Big League Stew - MLB

Oakland Athletics right-hander Huston Street was recently spotted at Chicago's U.S. Cellular Field carrying a doubled plastic bag full of water bottles out to the field. Such drudgery is usually work for a rookie, but Street is a bit different than most ballplayers.

"Hey," Street says. "I got to take care of my boys."

Street came into the big leagues with a few years of college under his belt, winning a national championship with the Texas Longhorns as a freshman.

Street won AL rookie of the year in 2005, but he  has endeavored to work on more than just his game in the pro ranks. He's into wine, he plays the guitar and — despite the fact he won't turn 25 until August — has a world view like that of 10-year veteran. He still needed a little guidance to get through Answer Man — thank you, teammate Andrew Brown — but Street was able to finish like the closer he is. 

Q: What's the word on the Street?

Huston Street: The word. I don't know. What is it? I'm not sure; I've never been asked that question and been required to give a meaning to it.

Q: Anybody ever ask you, "Hey, what's in the guitar case?"

HS: It's a Taylor 8 Series acoustic electric. It's a pretty solid guitar and I try to play as much as I can.

Q: Where are you in your musical evolution?

HS: I'm like a third-grader. I think I can say my A-B-C's; I know most of the chords.

Andrew Brown: What kind of third-grader were you? That's a low third grade. Is that a home school third grade?

HS: It's a metaphor, Andrew!

Andrew Brown: When I was in third grade, we were doing multiplication tables, stuff like that.

HS: Brownie was home-schooled. "The word on the Street?" if that can be my answer, "Andrew Brown was home-schooled." This is going on Yahoo! by the way.

Andrew Brown: I don't care. You've got the musical talent of a kindergartener, you said.

HS: Third-grader, I said.

Andrew Brown: Oh, yeah. Your A-B-C's. You learn your A-B-C's when you're, like, 4.

HS: Yeah, but this is not your interview.

Q: It's becoming his interview.

Andrew Brown: Sorry. It was kind of funny, though, what he said.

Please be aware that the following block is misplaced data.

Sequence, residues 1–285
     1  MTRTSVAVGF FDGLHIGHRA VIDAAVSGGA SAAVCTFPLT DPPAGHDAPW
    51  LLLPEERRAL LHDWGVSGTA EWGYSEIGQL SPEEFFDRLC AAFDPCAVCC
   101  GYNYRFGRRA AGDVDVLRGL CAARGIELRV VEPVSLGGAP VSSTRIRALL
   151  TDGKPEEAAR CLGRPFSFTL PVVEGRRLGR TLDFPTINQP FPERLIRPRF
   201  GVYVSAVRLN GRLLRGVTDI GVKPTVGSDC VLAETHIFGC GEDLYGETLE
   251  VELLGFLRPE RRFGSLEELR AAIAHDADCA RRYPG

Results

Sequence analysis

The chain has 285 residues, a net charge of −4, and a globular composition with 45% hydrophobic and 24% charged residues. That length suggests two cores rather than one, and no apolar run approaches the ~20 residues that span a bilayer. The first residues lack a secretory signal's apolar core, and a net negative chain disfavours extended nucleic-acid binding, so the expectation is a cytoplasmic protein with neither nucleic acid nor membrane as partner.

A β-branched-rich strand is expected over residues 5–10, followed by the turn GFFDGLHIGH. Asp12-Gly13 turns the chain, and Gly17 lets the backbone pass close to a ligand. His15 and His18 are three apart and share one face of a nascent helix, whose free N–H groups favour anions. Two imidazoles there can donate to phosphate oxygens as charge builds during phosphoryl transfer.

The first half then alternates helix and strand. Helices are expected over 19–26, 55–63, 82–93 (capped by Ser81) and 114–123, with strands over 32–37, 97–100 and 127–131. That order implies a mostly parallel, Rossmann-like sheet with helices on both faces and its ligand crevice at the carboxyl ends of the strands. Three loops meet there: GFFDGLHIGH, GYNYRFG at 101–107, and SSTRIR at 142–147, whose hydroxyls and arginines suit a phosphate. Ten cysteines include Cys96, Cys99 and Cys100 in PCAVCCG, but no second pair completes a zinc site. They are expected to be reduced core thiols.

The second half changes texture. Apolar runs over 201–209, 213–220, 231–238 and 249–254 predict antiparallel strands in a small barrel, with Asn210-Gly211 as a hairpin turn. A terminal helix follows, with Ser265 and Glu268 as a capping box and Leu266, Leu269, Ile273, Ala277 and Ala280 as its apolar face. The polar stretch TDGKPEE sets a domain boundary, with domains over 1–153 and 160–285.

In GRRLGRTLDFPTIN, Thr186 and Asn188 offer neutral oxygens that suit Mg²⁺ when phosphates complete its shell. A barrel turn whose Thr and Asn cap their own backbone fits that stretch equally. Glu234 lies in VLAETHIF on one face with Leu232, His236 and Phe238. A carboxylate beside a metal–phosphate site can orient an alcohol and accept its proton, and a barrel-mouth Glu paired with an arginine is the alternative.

Q: Because we were doing cursive writing by second grade.

Andrew Brown: Yeah! And A-B-C's in Texas.

HS: I was going to progress with my answer, but I got cut off.

Andrew Brown: George Bush's state.

HS: George Bush was the president of this country for eight years. You can make fun of him all you want, but he did get re-elected.

Q: Have you ever had a problem tipping your pitches?

HS: No (sighs). Thankfully.

Q: What about tipping your waitress?

HS: No, I'm a big tipper. I believe ... I get in trouble all the time. My wife thinks I'm too generous. I usually leave between 25-33 percent.

Q: [Impressed] Wow. What deserves a big tip?

HS: I like politeness. I don't like to be bothered too much. I want them to get down there and get my drink; when I'm ready to order, I want them to be there within two minutes; I want them to ask me one time during my meal, "How ya' doin'?"; and I want them to deliver the check so I can pay at my convenience. And that's it. But if someone's too talkative ... and if you don't refill my water, because I drink water, and if they don't refill my drink, that usually lowers it down to the lower ends of my tipping.

Q: You've never not given a tip because service was bad?

HS: No. A very smart person once told me that, "A small tip is the reflection of the service. No tip is a poor reflection of yourself." If I've had really bad service, which everybody has, I usually leave a small tip. Not less than 10 percent. Maybe they'll just think I'm cheap, but oh well.

Q: What about pimping your pitches?

HS: No. Heck, no. That's probably one of my biggest pet peeves in baseball; act like you've been there before. You make a good pitch to strike somebody out in a big situation, you can have emotion. You can get excited. Sometimes you can't help it. But as far as showing up the other person or the game and pretending that you're the cat's meow and no one's ever done it as good as you? There's always been someone better, and there always will be.

Q: Is your first name spelled that way because of Huston-Tillotson University in Austin?

HS: No [laughs]. My parents, like all people from Texas, are very proud of their state and wanted me to have a name that resembled it; they wanted me to have a "Texas" name but didn't want people to think I was named after the city, so they took the "O" out.

Q: You don't talk like you're from Texas.

HS: No, I don't. Maybe it's because I'm from Austin. It's a pretty laid-back place that's got all kinds of shapes, sizes and colors. It's a great city for that reason.

Q: Come the day you buy a house, should you plan a room decorated only with pictures of you in front of "Huston St." signs from all over the United States?

HS: Ha! I will never have a room dedicated to me. Never. Ever. The closest I will ever have will be like a boys room with pictures of all the old-time greats. Gehrig and Ruth and Mantle.

Q: To save time and prevent cramping during autographs, shouldn't you abbreviate your last name to "St."?

HS: I feel like I've got a pretty solid signature. Well, Tommy Lasorda once pointed out, about all of the big-time autographs — Joe DiMaggio, Mickey Mantle, Babe Ruth, Hank Aaron, Nolan Ryan — and he told all of us when I was on Team USA. He goes, look at this: not one of you has come close to matching any of the accomplishments of any one of these guys, yet every one of them takes the time to spell out their entire name. Until you are better than any of these guys, then you need to do the same. So, I continue to spell out my entire name.